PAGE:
Weeknotes S03 Ep05

Imagine this lady is talking about me, last week.

The Comedown

Overarching feeling of the week

I should know by now not to compare weeks with one another; they are like children, all different.

In comparison to the elation of last week I think the only suitable word to describe this one is: meh.

Tyler Durden knows what I’m talking about.

I’ve been feeling low on energy, small things have been irritating, frustrating, needling me.

That little devil, imposter syndrome, has come back from what I can only assume was a lovely 1 week holiday somewhere hot and is now fully refreshed and *in my brain* chattering away loudly.

“You are a fake.” SHUT UP WEDNESDAY ADAMS!

Still, a week of meh means a week of learning. So lots of lessons here.

Achievements

I’ve actually started handing work over and have given responsibility for most of it to other people now. It means I can tidy up the last few things and work on other bits that I want to finish before I leave.

I have relinquished control and actually it’s a bit of a relief.

IN CONTROL: Not anymore animal, somebody else has that responsibility now.

I made some real progress on the AI issue I’ve been thinking a lot about, made some good connections in the right areas which mean that this will move on and I can relax a bit more about it. I know my colleague Joe will be able to handle this after I leave.

Part of this meant that on Tuesday I attended the Cross Government AI Community of Practice meeting that Stefan ran at BEIS.

It was interesting. I got the impression that there were a few people there who were a bit sick of talking about ethics and “what ifs”. They are further along in their journey and understanding than I am, they rightly want to get on with it. Wednesday Adams was sat on my shoulder the entire time.

Highlights

On Monday afternoon we held a discovery kick-off for a new digital service.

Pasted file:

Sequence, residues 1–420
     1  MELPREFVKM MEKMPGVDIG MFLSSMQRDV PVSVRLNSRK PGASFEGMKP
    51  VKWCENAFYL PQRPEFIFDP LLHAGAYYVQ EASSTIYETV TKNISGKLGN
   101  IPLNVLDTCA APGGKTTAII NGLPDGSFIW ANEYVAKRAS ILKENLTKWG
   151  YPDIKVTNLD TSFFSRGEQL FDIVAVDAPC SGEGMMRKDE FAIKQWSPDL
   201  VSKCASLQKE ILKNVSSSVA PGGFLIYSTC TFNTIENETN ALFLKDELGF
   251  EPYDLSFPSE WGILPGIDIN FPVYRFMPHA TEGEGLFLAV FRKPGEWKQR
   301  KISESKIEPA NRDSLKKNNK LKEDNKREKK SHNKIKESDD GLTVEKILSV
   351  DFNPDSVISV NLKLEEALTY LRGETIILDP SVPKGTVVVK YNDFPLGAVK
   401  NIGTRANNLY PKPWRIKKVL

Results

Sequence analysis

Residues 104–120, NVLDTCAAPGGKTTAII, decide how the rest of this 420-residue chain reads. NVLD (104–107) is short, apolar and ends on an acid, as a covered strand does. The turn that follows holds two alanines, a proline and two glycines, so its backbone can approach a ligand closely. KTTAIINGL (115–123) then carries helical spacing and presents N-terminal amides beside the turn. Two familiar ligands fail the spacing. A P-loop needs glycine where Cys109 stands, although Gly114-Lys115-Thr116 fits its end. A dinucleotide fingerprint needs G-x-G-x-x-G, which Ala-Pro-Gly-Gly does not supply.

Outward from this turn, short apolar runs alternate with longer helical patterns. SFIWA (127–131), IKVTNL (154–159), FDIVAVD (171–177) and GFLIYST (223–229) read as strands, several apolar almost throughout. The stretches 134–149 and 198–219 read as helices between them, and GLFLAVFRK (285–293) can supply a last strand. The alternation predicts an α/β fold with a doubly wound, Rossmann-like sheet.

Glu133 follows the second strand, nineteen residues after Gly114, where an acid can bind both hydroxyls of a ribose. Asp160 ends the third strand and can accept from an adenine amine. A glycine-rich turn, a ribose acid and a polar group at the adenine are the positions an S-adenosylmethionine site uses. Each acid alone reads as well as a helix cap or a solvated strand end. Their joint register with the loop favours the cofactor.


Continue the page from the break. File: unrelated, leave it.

Kick-offs signal the end of my involvement and scoping, and a handover to Luke’s digital team for them to work on.

I really enjoy these meetings, I enjoy talking about the problem space and seeing the teams’ brains whirring about how they’re going to deliver the thing, thinking about what they need to do.

I enjoy talking through the context, adding information, and explaining. I’m always a bit sad because it feels like I’m handing over a baby I’ve worked really hard on, but the kick-offs make me feel pretty proud too.

Another highlight was wine and cheese with Luke, Wendy and (ex-colleague) Ally on Wednesday night. Good to get out and talk about things which aren’t work, I will miss these guys.

A mouse with cheese.

Lessons

As I mentioned above, a few lessons this week. Some things I need to work on, and hopefully, an idea of how I might achieve them.

1. I’ve got to learn to ignore bad Tuesdays.

Tuesdays aren’t good for me

On Tuesday this week I just had a day where nothing seemed to go right, or rather, a few things weren’t quite right, but that caused me a disproportionate amount of irritation and made me feel really pants.

I could go into details here but it would be self-indulgent, needless to say I was tired and some of my cheese was moved. I need to learn not to snowball my issues.

2. Learning to (really) listen to feedback is hard

In the morning on Tuesday I received feedback from two colleagues whose opinions I value really highly.

Even though there were a lot of positives, there were also some things for me to work on. I wasn’t in a good frame of mind for it and I dwelled on it for most of the day.

Some of the feedback made me feel defensive. My brain immediately went on a journey to evidence why it was wrong, to defend myself, to prove this person wrong.

Simon Amstell says you’re wrong.

That’s not a good state to be in. It took me a while but I eventually managed to have a word with myself.

I don’t think all of the feedback is quite right, but what is most difficult is actually taking a deep breath and acknowledging the truth within it.

It’s the truth.